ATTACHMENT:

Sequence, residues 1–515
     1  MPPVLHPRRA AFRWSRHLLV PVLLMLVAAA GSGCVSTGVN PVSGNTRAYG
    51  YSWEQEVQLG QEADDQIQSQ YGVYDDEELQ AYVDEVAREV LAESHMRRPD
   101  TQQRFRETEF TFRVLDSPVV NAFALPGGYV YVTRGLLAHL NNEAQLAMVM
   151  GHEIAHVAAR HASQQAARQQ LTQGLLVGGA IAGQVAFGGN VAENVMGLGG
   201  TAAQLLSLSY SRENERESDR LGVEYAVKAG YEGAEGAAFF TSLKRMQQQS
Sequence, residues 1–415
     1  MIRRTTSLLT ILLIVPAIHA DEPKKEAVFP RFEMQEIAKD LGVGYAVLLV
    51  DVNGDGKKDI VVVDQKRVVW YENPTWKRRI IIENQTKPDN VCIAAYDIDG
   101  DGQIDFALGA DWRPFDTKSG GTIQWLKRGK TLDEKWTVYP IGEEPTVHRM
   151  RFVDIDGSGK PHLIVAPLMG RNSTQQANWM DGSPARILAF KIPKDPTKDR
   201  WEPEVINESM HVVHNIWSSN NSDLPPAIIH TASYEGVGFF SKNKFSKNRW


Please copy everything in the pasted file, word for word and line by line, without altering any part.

Sequence, residues 1–515
     1  MPPVLHPRRA AFRWSRHLLV PVLLMLVAAA GSGCVSTGVN PVSGNTRAYG
    51  YSWEQEVQLG QEADDQIQSQ YGVYDDEELQ AYVDEVAREV LAESHMRRPD
   101  TQQRFRETEF TFRVLDSPVV NAFALPGGYV YVTRGLLAHL NNEAQLAMVM
   151  GHEIAHVAAR HASQQAARQQ LTQGLLVGGA IAGQVAFGGN VAENVMGLGG
   201  TAAQLLSLSY SRENERESDR LGVEYAVKAG YEGAEGAAFF TSLKRMQQQS
Sequence, residues 1–415
     1  MIRRTTSLLT ILLIVPAIHA DEPKKEAVFP RFEMQEIAKD LGVGYAVLLV
    51  DVNGDGKKDI VVVDQKRVVW YENPTWKRRI IIENQTKPDN VCIAAYDIDG
   101  DGQIDFALGA DWRPFDTKSG GTIQWLKRGK TLDEKWTVYP IGEEPTVHRM
   151  RFVDIDGSGK PHLIVAPLMG RNSTQQANWM DGSPARILAF KIPKDPTKDR
   201  WEPEVINESM HVVHNIWSSN NSDLPPAIIH TASYEGVGFF SKNKFSKNRW